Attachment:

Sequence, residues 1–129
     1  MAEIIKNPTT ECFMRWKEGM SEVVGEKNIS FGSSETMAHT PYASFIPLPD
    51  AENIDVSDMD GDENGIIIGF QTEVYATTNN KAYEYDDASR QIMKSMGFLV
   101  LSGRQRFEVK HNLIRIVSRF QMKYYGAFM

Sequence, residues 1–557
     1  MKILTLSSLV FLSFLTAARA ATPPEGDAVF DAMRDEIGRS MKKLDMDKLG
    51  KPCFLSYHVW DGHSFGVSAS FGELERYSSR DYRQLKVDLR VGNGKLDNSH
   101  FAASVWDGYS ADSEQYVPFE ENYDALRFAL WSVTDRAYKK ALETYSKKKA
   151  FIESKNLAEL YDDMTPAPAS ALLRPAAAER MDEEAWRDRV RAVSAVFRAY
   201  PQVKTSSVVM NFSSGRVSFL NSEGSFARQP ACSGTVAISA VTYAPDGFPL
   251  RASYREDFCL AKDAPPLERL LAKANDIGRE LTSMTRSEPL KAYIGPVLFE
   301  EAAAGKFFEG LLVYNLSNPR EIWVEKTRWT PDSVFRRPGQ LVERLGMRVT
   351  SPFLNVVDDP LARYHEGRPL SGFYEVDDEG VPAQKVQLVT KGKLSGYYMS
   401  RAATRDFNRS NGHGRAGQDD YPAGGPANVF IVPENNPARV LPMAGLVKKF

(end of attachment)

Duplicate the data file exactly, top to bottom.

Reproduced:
Sequence, residues 1–129
     1  MAEIIKNPTT ECFMRWKEGM SEVVGEKNIS FGSSETMAHT PYASFIPLPD
    51  AENIDVSDMD GDENGIIIGF QTEVYATTNN KAYEYDDASR QIMKSMGFLV
   101  LSGRQRFEVK HNLIRIVSRF QMKYYGAFM

Sequence, residues 1–557
     1  MKILTLSSLV FLSFLTAARA ATPPEGDAVF DAMRDEIGRS MKKLDMDKLG
    51  KPCFLSYHVW DGHSFGVSAS FGELERYSSR DYRQLKVDLR VGNGKLDNSH
   101  FAASVWDGYS ADSEQYVPFE ENYDALRFAL WSVTDRAYKK ALETYSKKKA
   151  FIESKNLAEL YDDMTPAPAS ALLRPAAAER MDEEAWRDRV RAVSAVFRAY
   201  PQVKTSSVVM NFSSGRVSFL NSEGSFARQP ACSGTVAISA VTYAPDGFPL
   251  RASYREDFCL AKDAPPLERL LAKANDIGRE LTSMTRSEPL KAYIGPVLFE
   301  EAAAGKFFEG LLVYNLSNPR EIWVEKTRWT PDSVFRRPGQ LVERLGMRVT
   351  SPFLNVVDDP LARYHEGRPL SGFYEVDDEG VPAQKVQLVT KGKLSGYYMS
   401  RAATRDFNRS NGHGRAGQDD YPAGGPANVF IVPENNPARV LPMAGLVKKF